The Discovery Program inspires the learning community by connecting the life of the mind with a student’s lived experience in class and in the world.
The Discovery Program provides the intellectual framework for students in any major. It represents the faculty's collective belief in what constitutes and contributes to essential knowledge of the world. Together, students and faculty attempt to understand fully and use ethically that knowledge, both in the present and as a reservoir from which to draw in the future.
Each course in the Discovery Program fulfills an obligation not only to its own field, but also to others. Individually, courses illuminate the disciplines and ask that students understand their foundational methods, tools, and questions. Collectively, the Discovery Program aspires to help students recognize complexity and elegance in the relationships amongst the disciplines, to chart constellations of human knowledge. Like Keats, we are “watchers of the skies.”
Faculty Resources and Development:
Professors in Discovery have a common mission:
to help students from all departments and programs understand better the
organization of knowledge in the modern world. Faculty are responsible not
only to colleagues and students in our own disciplines, but also to others
learning and teaching in the Program from across the university's variegated
intellectual terrain. Toward that end, the Discovery Program offers or plans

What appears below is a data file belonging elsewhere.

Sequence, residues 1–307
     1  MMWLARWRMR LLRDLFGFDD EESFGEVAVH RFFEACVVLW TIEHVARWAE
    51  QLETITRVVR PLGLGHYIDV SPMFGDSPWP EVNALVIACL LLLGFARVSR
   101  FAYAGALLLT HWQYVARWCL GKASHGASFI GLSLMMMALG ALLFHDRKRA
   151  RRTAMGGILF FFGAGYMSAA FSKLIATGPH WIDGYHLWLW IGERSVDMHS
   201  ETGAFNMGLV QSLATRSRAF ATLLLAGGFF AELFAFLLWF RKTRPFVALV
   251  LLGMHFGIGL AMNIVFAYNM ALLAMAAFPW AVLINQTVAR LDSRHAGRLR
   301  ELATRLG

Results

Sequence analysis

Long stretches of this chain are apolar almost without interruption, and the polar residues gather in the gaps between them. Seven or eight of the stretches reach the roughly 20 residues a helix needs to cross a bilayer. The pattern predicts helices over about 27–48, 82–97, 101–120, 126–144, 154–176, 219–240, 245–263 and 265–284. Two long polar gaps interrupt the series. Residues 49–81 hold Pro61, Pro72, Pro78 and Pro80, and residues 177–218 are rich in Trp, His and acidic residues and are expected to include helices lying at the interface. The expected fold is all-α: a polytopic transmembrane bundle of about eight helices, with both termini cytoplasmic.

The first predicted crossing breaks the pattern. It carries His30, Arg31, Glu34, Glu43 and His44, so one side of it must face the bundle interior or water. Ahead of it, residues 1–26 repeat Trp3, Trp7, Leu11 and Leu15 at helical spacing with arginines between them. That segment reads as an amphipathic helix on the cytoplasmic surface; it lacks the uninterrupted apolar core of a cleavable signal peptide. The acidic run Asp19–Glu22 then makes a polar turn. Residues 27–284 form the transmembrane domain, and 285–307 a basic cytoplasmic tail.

• Course development support
• Sample syllabi
• (Potential) supports for teaching cohorts by category
Strategic Initiatives (in collaboration with the Center for Excellence in Teaching and Learning (CETL):
• Developing curricular and program assessment;
• Promoting faculty development opportunities to advance the use of active learning practices in the classroom;
• Facilitating cohorts of faculty who teach across the disciplines.
Programs of Interest:
Taught by pioneering faculty, inquiry courses take a single topic, such as cloning, global warming, nutrition, human rights or the origin of life, and examine it from multiple perspectives. Inquiry courses prepare first-year students to succeed at the college level by helping them become active, independent thinkers who look at subjects and challenging problems from a number of viewpoints. All inquiry courses are small and involve experiential learning, e.g., learning by doing. Inquiry courses are designed to encourage students to reflect on their learning processes, to develop their own strategies to address questions, problems or subject matter in their coursework, and to effectively convey and present the results of their inquiry.
Faculty teaching in RLCs enjoy the accelerated classroom community that comes with students living on the same floor of a campus residence hall. Residential Life staff work with the faculty member to support out of classroom initiatives to build on classroom goals and objectives.
The University Dialogue is an initiative to draw first-year students into active participation in the intellectual life of the University. Students are given a set of position statements, written by UNH faculty on annual topics such as democracy, poverty, health or TMI: A University Dialogue on Decision Making in the Age of Information Overload. These readings serve as the basis for various dialogues and events planned each semester.
The Senior Capstone Experience asks students to synthesize and apply disciplinary knowledge and skills; reflect on undergraduate learning and experience; demonstrate emerging professional competencies; apply, analyze, and/or interpret research or data or artistic expression and; explore areas of interest based on the integration of prior learning.
- Academic Enrichment
- Art & Science of Teaching
- Colleges & Programs
- Institutional Research
- International Initiatives
- UNH in 2020